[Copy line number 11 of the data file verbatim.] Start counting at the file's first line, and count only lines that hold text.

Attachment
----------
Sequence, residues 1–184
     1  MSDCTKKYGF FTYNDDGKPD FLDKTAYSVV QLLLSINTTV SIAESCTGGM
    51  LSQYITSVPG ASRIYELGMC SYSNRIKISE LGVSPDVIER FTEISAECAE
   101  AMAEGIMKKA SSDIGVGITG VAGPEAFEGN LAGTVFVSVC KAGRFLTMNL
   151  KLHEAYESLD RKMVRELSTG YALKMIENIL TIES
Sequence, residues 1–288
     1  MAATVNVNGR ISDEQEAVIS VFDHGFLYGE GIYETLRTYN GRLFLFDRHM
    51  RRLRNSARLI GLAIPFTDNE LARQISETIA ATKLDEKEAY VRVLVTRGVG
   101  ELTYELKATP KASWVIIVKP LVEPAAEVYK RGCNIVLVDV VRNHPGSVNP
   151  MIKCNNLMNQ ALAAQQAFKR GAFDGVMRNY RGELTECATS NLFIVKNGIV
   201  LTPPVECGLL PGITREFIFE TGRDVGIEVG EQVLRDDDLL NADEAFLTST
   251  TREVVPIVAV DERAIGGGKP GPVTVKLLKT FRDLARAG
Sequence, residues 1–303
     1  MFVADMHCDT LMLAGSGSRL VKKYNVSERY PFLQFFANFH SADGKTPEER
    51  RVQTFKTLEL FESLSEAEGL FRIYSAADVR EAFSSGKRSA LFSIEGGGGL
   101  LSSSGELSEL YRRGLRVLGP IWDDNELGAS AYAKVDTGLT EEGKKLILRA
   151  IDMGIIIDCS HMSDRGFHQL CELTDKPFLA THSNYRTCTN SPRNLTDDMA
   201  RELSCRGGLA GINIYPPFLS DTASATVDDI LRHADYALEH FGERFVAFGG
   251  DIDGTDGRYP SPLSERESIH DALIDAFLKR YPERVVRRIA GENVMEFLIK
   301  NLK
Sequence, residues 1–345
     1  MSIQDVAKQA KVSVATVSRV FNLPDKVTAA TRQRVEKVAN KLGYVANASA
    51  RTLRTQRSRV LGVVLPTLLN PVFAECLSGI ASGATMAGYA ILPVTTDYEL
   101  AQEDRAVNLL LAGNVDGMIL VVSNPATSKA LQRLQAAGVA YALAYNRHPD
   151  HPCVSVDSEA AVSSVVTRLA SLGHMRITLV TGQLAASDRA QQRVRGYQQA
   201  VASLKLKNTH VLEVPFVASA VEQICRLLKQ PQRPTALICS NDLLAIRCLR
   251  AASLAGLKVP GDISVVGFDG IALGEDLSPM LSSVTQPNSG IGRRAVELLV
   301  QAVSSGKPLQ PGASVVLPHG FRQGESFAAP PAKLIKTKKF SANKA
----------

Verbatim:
   201  LTPPVECGLL PGITREFIFE TGRDVGIEVG EQVLRDDDLL NADEAFLTST